Back to the Land

The need to ground ourselves, as an antidote to the increasing urban pressure, takes us back to basics. We continue to grow our own, buy directly from growers or farmers markets and become more resourceful. Off-grid-living, outdoor cooking, wild camping and notions of anti-urban become even more popular in all aspects of daily life, holidays and lifestyle trends.

In line with the idea of earthiness, the practice of eating dirt, also known as geophagy or pica, provides the true taste of terroir, the flavour of which varies from place to place. Mineral-rich soil has been praised for its umami flavour and important microbial system. Its increased acceptance and use will continue to expand flavour profiles. Earth and dirt, now an indicator of realness, will be more acceptable on shop-bought vegetables. Created edible soil representations will be used in both savoury and sweet dishes to reference growing, freshness and the ground.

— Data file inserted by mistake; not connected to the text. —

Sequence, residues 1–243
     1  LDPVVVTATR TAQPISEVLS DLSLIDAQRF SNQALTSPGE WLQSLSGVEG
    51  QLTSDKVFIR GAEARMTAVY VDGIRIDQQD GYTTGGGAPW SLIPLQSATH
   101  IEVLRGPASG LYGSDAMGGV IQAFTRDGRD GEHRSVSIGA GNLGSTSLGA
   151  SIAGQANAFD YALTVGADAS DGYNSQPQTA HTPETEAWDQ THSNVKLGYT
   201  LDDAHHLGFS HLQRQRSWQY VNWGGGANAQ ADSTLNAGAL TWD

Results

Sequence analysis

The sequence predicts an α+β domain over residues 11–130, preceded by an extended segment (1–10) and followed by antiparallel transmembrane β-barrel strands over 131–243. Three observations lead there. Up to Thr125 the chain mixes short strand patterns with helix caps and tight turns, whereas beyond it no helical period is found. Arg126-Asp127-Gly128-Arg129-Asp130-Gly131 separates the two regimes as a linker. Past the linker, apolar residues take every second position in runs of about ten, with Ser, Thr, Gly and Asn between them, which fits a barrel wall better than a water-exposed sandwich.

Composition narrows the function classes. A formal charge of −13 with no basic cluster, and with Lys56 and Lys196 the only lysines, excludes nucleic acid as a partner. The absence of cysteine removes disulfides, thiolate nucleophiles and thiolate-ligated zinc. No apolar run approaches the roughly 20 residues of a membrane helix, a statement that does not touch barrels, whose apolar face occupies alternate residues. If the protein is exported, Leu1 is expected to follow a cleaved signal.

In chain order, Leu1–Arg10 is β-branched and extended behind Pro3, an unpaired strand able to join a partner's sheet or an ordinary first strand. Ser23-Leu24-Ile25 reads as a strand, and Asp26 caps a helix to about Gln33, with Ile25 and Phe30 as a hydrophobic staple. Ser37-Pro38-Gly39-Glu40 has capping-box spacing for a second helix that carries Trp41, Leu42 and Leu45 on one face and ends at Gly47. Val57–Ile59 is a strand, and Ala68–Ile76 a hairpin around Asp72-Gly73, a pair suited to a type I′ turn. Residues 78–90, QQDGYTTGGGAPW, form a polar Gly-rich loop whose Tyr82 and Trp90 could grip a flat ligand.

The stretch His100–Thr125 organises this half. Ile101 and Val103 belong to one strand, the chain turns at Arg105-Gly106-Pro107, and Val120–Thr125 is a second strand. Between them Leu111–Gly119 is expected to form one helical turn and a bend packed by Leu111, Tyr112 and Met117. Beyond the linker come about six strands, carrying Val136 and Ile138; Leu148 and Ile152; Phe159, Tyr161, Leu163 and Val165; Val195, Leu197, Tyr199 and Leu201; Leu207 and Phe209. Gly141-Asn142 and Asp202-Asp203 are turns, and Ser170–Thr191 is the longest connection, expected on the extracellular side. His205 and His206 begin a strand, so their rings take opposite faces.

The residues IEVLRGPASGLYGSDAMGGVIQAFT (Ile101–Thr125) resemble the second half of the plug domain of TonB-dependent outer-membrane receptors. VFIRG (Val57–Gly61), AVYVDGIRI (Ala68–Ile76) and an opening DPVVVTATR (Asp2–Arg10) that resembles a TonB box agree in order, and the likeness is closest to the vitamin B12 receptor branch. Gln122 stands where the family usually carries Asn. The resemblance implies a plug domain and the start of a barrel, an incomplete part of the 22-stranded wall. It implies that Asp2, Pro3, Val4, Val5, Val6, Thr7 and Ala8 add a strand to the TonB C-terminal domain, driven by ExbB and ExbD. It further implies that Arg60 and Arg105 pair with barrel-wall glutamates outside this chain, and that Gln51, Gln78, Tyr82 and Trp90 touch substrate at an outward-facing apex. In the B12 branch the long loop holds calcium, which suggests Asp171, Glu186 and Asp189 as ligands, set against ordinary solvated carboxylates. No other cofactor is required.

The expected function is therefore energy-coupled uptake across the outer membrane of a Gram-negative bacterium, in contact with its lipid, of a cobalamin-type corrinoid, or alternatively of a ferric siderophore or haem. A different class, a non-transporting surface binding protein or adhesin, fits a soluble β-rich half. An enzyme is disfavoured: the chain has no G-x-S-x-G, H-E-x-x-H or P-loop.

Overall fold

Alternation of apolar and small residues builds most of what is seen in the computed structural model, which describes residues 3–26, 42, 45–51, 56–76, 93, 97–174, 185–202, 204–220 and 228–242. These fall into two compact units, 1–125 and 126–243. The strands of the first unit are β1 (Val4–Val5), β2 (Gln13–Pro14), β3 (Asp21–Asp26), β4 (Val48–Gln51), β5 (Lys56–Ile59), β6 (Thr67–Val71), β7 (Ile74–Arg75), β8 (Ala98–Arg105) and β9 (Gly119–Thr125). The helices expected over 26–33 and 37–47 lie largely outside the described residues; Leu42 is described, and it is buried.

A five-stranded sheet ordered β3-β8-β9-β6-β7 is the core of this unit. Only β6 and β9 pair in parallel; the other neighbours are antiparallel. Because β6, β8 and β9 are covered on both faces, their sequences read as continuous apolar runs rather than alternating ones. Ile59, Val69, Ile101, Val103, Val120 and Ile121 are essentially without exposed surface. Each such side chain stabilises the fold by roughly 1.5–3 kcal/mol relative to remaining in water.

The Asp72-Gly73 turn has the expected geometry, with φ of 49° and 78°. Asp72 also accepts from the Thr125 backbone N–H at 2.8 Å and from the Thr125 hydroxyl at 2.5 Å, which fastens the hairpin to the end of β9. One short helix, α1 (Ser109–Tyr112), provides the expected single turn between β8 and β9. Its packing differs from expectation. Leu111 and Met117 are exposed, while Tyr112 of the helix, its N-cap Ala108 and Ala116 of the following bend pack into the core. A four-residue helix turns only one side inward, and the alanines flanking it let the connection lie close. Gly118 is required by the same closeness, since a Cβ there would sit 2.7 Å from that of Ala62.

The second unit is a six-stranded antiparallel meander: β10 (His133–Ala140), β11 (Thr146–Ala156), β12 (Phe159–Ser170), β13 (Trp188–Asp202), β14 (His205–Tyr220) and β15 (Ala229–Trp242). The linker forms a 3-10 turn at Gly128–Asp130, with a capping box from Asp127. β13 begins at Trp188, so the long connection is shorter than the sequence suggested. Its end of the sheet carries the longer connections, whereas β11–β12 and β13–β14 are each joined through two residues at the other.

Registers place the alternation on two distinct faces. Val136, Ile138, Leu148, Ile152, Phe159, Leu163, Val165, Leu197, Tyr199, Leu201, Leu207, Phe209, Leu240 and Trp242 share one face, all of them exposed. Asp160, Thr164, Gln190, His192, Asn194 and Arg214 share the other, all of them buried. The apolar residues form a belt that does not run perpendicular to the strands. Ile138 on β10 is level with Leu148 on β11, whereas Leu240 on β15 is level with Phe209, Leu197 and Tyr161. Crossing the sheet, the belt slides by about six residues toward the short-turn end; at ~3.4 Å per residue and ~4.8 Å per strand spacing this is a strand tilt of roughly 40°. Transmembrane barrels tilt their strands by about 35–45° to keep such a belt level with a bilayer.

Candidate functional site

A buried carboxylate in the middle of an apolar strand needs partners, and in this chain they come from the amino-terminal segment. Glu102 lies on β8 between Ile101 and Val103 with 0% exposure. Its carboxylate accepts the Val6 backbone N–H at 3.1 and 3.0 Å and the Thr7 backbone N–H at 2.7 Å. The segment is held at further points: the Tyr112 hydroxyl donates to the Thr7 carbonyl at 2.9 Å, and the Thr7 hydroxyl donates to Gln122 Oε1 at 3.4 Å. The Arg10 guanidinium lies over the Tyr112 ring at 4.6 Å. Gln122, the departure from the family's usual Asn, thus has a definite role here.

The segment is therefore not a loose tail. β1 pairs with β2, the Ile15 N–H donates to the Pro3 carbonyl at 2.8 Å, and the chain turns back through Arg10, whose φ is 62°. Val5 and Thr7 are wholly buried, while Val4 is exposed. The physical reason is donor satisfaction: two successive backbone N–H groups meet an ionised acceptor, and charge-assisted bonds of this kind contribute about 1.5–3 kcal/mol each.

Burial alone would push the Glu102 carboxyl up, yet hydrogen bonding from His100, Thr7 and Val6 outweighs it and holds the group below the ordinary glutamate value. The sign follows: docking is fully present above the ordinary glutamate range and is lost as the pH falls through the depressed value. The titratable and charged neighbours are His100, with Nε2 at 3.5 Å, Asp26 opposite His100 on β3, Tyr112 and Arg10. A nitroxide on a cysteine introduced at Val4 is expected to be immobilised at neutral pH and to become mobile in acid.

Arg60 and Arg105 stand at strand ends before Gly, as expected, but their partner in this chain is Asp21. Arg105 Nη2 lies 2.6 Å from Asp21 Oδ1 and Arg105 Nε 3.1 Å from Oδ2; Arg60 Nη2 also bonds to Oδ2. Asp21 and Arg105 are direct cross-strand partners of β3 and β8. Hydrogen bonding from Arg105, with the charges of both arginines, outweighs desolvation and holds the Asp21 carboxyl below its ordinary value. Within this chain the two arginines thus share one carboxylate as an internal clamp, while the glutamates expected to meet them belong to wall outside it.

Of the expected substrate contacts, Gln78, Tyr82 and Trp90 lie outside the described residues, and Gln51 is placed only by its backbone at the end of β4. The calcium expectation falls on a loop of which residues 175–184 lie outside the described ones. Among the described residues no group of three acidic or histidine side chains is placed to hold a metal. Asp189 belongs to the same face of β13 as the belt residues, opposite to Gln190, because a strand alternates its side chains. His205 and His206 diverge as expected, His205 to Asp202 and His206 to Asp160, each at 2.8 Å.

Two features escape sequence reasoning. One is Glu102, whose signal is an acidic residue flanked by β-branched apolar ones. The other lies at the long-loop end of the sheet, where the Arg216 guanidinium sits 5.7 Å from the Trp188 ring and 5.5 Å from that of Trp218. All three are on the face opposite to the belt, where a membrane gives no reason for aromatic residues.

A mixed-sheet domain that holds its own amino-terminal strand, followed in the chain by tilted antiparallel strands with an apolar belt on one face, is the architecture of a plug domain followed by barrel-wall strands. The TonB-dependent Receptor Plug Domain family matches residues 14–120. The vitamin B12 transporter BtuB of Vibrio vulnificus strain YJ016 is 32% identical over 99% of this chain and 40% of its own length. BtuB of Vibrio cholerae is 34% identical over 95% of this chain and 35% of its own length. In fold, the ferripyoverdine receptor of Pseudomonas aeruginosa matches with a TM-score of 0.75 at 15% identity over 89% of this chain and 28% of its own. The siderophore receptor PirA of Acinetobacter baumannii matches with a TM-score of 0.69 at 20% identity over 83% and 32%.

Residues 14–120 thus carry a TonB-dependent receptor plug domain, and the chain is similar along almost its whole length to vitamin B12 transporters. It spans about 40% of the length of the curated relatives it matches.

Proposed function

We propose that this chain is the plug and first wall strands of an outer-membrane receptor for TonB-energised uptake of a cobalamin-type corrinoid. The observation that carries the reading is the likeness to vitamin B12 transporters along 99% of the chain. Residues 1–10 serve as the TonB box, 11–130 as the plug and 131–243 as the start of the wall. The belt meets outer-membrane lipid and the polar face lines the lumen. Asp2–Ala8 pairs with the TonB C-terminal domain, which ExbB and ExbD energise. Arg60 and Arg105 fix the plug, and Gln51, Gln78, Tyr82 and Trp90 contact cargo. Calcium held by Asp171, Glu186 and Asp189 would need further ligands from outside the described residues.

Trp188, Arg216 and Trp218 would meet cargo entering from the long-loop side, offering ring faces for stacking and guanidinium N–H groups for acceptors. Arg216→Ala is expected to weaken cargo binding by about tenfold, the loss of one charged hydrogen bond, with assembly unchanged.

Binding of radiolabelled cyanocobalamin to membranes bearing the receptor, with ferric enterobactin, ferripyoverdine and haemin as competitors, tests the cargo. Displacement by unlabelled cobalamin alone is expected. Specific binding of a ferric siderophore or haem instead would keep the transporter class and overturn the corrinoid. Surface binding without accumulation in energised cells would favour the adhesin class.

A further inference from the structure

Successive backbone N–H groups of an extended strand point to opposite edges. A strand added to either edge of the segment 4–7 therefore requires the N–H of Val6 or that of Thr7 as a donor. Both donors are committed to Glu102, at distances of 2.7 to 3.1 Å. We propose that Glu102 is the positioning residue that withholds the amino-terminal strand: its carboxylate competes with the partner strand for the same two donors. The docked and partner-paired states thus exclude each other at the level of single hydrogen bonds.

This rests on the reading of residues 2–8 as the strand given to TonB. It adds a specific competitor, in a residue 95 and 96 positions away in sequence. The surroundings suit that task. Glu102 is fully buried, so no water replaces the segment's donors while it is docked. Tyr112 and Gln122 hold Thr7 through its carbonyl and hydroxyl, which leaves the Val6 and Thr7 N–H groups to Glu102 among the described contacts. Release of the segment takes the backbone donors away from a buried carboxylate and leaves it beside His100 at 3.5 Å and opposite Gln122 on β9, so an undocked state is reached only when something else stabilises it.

Smoked foods, or desserts like S’mores which evolved from cooking around the campfi¬re, will be developed and conveniently packaged enabling customers to feel that re-connection with nature. Smoke flavours will come to prominence. Prolific, cheap and under-used, seaweed is starting to be recognised as a sustainable and versatile product. New possibilities and creativity around product development will advance over the next few years. Seaweeds have high levels of minerals, such as calcium, and are high in both soluble and insoluble dietary fibres all of which are essential for addressing the current health trend. However, it’s the high protein content (up to 47%) that will make the umami-tasting superfood even more popular. Its versatility will be explored by numerous food categories from chocolate to water and alcohol.